A prominent civil rights group in Boston on Monday filed a lawsuit against the state of Massachusetts, arguing its current timeline for the distribution of vote-by-mail ballots is slated to fail to meet deadlines set under the state's new emergency elections law.
Lawyers for Civil Rights and law firm Ropes & Gray LLP brought their petition before the state's Supreme Judicial Court on behalf of two voting rights advocacy groups — Common Cause Massachusetts and MassVOTE — as well as seven Black, Latinx and Asian American Massachusetts voters. The civil rights group said in a release that many of the voters represented in the suit do not have easy access to computers and have underlying health conditions that make them fearful of casting ballots in-person amid the ongoing pandemic.
The coronavirus crisis prompted the state Legislature to pass a compromise emergency voting bill ahead of this year's elections that mandates vote-by-mail ballot applications must be received by all 4.5 million of the state's registered voters by July 15. Gov. Charlie Baker signed it into law a week ago, on July 6.
A day later, Secretary of State Bill Galvin said that while his office was working to mail out the applications, it would fail to meet the deadline due to insufficient funds to cover mailing costs. The Senate previously estimated the cost at about $8 million. The lawsuit is challenging Galvin's claim, arguing the state must not fail to comply with the election law.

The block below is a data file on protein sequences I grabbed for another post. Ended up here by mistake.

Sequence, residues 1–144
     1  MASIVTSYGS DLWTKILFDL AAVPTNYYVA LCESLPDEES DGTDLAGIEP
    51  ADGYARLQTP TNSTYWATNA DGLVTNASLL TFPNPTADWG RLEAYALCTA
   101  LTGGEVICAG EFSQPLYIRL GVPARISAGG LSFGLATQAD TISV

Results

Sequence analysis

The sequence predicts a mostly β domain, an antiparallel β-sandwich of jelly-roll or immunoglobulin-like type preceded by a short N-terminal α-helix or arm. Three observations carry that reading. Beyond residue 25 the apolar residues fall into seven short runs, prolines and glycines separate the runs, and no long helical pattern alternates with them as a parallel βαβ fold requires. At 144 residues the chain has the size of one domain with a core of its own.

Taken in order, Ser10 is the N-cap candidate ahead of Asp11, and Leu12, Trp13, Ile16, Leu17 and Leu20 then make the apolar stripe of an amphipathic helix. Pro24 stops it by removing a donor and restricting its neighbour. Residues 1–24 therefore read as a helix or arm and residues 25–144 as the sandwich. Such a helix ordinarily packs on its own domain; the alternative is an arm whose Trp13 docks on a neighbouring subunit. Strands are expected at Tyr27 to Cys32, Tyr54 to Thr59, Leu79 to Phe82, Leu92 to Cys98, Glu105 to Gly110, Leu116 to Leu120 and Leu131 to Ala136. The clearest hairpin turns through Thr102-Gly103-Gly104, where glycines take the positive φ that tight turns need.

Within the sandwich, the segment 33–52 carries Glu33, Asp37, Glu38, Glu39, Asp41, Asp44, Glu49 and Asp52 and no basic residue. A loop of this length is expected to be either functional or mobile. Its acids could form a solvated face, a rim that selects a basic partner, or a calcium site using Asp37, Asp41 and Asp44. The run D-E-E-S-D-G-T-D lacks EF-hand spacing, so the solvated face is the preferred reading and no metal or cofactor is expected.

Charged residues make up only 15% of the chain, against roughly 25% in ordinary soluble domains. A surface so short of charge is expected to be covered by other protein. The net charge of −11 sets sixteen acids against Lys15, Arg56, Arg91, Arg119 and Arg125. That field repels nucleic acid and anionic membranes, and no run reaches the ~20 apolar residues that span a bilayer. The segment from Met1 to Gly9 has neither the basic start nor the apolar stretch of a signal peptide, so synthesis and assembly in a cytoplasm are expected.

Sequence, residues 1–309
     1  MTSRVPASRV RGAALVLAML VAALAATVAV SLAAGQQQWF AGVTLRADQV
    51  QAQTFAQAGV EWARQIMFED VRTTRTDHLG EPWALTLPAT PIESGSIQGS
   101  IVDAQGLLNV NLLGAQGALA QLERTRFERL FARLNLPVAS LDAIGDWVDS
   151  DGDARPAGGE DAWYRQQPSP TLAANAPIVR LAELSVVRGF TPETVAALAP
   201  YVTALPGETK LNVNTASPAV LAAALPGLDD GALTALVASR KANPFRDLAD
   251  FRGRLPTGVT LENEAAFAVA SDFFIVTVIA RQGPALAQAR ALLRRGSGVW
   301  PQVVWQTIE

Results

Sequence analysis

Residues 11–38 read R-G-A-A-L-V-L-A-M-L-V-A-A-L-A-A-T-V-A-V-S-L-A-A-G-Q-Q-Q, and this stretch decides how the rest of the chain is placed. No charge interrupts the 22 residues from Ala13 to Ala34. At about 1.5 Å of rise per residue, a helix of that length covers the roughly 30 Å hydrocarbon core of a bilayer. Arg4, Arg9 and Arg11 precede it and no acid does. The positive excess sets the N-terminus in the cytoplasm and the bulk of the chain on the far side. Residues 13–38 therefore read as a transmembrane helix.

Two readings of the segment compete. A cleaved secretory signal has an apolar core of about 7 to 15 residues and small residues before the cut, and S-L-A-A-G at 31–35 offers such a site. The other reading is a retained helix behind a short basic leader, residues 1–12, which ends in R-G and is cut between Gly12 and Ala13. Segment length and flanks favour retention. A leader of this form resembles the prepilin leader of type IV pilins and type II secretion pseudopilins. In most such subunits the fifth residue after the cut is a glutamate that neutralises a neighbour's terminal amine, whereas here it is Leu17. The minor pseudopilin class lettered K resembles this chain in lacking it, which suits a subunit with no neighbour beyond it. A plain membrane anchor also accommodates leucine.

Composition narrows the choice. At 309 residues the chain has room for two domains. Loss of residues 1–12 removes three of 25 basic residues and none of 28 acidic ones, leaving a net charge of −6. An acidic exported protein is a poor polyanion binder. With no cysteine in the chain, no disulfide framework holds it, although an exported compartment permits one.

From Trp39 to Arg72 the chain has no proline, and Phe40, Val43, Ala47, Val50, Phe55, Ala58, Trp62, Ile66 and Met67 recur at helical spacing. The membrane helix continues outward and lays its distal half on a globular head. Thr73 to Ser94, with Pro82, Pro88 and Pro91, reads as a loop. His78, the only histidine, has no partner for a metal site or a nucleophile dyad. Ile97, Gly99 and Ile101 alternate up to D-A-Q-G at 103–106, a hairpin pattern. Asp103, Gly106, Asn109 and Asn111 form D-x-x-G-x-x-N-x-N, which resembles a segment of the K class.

Under the new law, mail-in ballots, early voting and in-person voting are options for voters for the Sept. 1 primary and Nov. 3 general election.
“Secretary Galvin’s claim that he does not have money and is waiting on the Legislature to send funding for mail ballot applications is bizarre at best,” Pam Wilmot, executive director of Common Cause Massachusetts, said in the release. “Failing to send an application, as required by law, unravels a core concept of the legislation unanimously approved by the legislature — allowing voters easy access to mail voting. This will increase risks to the health of voters and elections officials alike.”
In its statement, Lawyers for Civil Rights argued that Galvin's office could pay for the postage for the ballot applications through the money Massachusetts received through the federal CARES Act. Galvin has said he can use that money to mail physical ballots but not applications.
“An emergency lawsuit is the only available option to protect the health of voters, poll workers, and our democracy. It is clear that Secretary Galvin has not taken the steps required to mail applications to voters, as state law demands," Oren Sellstrom, litigation director at Lawyers for Civil Rights, said in the release. "We hope to resolve this quickly because delay comes at the expense of those in our communities who are most vulnerable, particularly those historically disenfranchised who need safe ballot access the most."
With reporting from WBUR's Lisa Creamer and State House News Service's Chris Lisinski